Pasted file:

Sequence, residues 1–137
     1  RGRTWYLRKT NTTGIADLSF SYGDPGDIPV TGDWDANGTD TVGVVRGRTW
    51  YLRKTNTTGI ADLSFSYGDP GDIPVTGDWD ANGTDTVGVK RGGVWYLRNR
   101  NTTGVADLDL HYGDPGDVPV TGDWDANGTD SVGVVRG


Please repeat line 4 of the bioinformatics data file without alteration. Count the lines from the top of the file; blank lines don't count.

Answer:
   101  NTTGVADLDL HYGDPGDVPV TGDWDANGTD SVGVVRG